Jarrod Parker tried hard to steal his teammates' thunder Monday night.
As the A's were busy busting out for 12 runs against the Texas Rangers, Parker had a loftier goal in mind.
The right-hander took a no-hitter into the eighth inning, maintaining the drama in a 12-1 victory that was decided early thanks to the A's bats.
Parker's run at history was dashed when Michael Young bounced an 0-1 slider up the middle for a clean single to lead off the eighth. Parker didn't hide the fact he was peeved with himself. "I don't want to give up hits," he said. "It's something where I just want to finish it. I came that far."
He wound up with the best night of his young career, tossing a career-high eight innings and allowing one hit while striking out six and walking three.
Parker (2-2) took the mound in the eighth with his pitch count at 107. It's unknown if the 23-year-old would have been allowed to complete a no-hit bid, and manager Bob Melvin wasn't relishing the thought of that decision.
"That was difficult," Melvin said. "If he comes in after eight, he's at 120. What do you do? I'm glad I didn't have to make that decision."
Parker showed the potential that made the A's target him as the centerpiece of the Trevor Cahill trade with Arizona in the offseason. He used mainly his fastball and an outstanding changeup to tame a Texas lineup that leads the majors with 303 runs.
"It doesn't happen very often," Young said of his team being silenced. "But this is the big leagues. He has really good stuff and he threw well."
While Parker was trying for the seventh no-hitter in Oakland history, his hitters broke out for an improbable performance.
Oakland had been shut out in three of its previous four games and 11 times total this season. So a small gathering of 10,120 at the Coliseum had to be shocked see the A's erupt for eight runs in the second, their biggest inning since scoring nine against Tampa Bay on July 27 of last season.
Brandon Inge crammed a home run, two hits and four RBIs into that inning alone, as the A's sent 13 men to the plate. He and Seth Smith became the first Oakland teammates to have two hits in an inning since Mark Ellis and Jason Kendall did it on Sept. 3, 2006.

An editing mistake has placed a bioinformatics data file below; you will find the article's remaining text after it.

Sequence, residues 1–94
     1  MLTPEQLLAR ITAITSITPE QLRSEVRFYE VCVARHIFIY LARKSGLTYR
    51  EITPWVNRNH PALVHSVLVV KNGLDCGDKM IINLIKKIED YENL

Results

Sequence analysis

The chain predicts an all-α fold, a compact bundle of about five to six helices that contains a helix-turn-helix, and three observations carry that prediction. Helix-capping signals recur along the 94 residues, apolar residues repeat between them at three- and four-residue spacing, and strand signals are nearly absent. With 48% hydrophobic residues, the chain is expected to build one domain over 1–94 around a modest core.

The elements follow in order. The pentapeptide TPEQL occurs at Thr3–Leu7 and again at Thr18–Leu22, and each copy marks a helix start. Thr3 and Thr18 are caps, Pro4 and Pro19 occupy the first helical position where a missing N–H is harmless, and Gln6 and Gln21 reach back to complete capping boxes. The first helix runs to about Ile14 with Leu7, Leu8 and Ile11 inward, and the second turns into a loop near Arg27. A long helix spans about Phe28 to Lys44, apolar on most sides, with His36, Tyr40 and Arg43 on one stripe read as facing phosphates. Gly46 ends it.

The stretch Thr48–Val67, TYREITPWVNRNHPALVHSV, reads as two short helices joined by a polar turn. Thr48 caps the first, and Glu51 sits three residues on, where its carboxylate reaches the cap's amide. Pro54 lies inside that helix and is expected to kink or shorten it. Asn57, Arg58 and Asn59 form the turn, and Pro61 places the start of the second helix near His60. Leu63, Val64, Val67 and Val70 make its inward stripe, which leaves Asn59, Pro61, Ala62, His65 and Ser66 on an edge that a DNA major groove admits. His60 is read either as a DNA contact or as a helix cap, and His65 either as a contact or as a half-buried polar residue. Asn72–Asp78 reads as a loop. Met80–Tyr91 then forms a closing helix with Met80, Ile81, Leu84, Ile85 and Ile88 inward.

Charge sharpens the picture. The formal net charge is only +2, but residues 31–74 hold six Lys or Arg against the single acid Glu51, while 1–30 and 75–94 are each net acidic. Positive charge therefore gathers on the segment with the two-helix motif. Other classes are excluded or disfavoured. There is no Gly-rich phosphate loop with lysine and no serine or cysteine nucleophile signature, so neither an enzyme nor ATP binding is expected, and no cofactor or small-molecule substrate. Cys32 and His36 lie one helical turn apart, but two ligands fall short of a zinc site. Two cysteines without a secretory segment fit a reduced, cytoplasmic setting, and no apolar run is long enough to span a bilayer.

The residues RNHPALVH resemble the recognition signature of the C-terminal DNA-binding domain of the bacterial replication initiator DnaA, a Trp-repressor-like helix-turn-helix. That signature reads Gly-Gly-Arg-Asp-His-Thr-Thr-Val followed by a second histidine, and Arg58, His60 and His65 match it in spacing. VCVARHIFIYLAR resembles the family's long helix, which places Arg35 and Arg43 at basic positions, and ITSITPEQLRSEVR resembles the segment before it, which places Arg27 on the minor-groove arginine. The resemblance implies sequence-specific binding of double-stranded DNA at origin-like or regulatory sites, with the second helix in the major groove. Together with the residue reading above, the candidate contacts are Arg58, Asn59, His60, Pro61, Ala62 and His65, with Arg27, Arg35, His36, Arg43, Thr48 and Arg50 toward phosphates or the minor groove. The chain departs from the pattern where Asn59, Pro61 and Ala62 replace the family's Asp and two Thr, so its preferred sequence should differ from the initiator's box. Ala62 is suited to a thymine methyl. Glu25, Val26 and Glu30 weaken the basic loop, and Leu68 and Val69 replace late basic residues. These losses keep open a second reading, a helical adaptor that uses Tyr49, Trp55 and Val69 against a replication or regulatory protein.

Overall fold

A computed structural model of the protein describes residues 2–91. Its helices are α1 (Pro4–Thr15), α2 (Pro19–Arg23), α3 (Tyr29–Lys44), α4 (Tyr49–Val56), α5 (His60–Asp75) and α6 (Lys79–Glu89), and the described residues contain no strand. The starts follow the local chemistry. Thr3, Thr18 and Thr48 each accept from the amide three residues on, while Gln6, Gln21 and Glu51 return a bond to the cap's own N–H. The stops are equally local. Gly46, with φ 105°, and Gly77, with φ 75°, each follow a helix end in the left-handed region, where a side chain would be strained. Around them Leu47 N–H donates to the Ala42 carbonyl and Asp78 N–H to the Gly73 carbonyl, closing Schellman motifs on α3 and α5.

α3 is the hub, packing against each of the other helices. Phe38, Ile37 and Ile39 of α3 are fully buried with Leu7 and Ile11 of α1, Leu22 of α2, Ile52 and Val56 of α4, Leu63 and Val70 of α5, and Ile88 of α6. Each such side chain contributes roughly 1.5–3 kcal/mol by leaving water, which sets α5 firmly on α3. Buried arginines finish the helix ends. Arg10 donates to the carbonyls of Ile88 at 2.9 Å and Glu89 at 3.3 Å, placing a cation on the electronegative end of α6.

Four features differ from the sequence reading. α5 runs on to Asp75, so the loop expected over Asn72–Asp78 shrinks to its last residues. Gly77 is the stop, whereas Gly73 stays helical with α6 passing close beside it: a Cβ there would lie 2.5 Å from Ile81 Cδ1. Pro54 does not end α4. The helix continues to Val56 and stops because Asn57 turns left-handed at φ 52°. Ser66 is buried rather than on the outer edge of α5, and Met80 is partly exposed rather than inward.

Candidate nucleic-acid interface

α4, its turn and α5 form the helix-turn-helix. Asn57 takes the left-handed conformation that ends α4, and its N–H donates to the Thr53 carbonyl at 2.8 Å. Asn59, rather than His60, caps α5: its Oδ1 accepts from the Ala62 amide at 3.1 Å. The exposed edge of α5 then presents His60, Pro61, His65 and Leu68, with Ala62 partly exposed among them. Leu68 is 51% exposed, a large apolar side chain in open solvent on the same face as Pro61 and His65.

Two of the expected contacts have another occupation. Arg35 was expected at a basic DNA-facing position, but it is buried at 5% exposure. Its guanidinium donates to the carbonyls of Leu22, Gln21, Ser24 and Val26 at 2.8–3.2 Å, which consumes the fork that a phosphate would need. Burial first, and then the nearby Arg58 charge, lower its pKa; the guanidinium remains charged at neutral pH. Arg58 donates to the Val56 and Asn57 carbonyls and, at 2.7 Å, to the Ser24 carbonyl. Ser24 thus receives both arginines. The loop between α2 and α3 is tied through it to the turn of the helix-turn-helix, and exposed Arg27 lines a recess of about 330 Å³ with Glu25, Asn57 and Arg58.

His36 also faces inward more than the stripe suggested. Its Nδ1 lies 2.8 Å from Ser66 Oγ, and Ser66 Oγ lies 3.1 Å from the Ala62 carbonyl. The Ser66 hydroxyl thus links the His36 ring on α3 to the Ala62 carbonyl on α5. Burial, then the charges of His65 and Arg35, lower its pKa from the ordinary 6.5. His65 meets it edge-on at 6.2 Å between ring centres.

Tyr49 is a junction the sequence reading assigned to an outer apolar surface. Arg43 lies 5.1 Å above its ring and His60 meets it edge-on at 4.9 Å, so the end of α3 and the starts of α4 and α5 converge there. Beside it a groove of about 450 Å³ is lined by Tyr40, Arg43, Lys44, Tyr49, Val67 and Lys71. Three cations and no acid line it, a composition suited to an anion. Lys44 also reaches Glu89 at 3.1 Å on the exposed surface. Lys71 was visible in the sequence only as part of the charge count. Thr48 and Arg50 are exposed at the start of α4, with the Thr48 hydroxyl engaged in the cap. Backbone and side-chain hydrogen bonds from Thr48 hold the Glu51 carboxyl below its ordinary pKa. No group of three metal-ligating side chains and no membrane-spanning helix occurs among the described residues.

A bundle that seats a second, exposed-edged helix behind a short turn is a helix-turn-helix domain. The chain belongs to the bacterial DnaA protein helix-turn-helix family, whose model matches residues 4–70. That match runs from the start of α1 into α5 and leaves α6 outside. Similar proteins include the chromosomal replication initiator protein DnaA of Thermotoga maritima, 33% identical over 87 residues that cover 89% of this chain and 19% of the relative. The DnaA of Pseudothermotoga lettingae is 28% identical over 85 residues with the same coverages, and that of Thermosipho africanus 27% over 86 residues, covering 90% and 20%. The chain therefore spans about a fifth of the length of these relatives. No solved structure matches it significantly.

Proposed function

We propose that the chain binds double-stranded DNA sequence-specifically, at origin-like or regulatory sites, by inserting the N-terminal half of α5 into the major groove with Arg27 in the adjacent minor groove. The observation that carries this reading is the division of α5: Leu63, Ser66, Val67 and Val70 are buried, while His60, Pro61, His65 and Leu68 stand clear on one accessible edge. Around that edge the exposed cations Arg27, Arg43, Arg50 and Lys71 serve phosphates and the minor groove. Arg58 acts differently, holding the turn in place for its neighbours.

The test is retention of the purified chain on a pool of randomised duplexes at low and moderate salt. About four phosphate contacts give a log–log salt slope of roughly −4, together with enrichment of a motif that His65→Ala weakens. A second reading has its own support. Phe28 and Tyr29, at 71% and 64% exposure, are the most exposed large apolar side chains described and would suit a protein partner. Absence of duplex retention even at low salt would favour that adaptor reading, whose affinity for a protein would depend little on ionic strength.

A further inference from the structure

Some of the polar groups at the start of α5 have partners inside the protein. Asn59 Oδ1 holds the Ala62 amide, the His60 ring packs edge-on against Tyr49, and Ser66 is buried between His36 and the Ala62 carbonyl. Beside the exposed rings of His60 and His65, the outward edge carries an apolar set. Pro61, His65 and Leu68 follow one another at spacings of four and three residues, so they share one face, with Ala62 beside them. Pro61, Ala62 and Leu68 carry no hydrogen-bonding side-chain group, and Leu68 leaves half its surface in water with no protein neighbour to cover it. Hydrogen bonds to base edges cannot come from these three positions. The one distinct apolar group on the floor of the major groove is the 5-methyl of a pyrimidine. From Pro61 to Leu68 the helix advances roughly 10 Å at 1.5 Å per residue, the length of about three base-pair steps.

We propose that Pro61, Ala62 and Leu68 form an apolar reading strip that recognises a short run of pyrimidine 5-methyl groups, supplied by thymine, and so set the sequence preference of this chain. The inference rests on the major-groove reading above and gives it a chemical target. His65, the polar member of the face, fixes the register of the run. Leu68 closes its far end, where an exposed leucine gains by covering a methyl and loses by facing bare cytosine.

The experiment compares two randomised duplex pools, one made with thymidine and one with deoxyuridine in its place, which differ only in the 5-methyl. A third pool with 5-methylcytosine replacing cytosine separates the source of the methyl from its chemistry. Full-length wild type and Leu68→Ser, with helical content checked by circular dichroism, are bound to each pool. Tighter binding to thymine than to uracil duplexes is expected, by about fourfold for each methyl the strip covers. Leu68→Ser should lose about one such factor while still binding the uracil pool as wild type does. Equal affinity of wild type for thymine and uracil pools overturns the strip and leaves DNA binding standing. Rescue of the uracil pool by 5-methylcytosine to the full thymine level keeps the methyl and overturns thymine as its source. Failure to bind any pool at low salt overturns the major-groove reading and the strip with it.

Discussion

Smith finished 4 for 5 with two singles, a double and triple. He had a chance to complete the cycle in the eighth but flied out against Craig Gentry, the Rangers outfielder called on to take the mound and save his bullpen.
Cliff Pennington (2 for 4) had a two-run double in the second to snap a career-long 0-for-29 streak.
Just last season, Doolittle was an injury-riddled first baseman whose career was stuck in neutral in his fifth professional season.
The left-hander was a pitcher/first baseman at the University of Virginia, and he asked to return to the mound in August. Doolittle began this season in Single-A Stockton but quickly accelerated through Double-A and Triple-A.
When lefty reliever Jordan Norberto was placed on the disabled list Monday with a strained muscle in his left shoulder, the A's didn't hesitate to give Doolittle, 25, his first shot in the major leagues.
"I don't recall hearing about a guy switching positions and making it to the big leagues so quickly," Melvin said.
Doolittle combined to post a 0.72 ERA in 16 relief appearances split between the three minor league levels. He struck out 48 and walked just seven over 25 innings.
"Never in a million years did I think with two months under my belt pitching that I would be here," Doolittle said.
Russell, a Scott Boras-advised player who attends Pace High School (Fla.), is the first high school prospect the A's have taken in the first round since 2001, when they selected pitcher Jeremy Bonderman.
Russell has a scholarship to Auburn waiting for him, and he said he's undecided about turning pro or going to college.
"I'm just excited," Russell said on a conference call. "Me and my family are going to be talking about it a lot."
Under the new collective bargaining agreement, the deadline for teams to sign draft picks is July 13 before they lose their rights to them.
Russell hit .358 with eight homers and 33 RBIs in 32 games this season.
According to Baseball America, Russell has soft hands and an above-average arm, plus good bat speed and raw power but "inconsistent swing mechanics."
"He's a very, very athletic kid," A's scouting director Eric Kubota said. "He has a chance to be a prototypical five-tool player in the middle of the diamond."
While some believe Russell projects as a third baseman, Kubota said the A's see him as a shortstop.
Oakland took another prep shortstop, Daniel Robertson out of Upland High School, with its next pick at No. 34. It drafted another high school player, first baseman Matt Olson out of Parkview High in Georgia, with the 47th overall pick.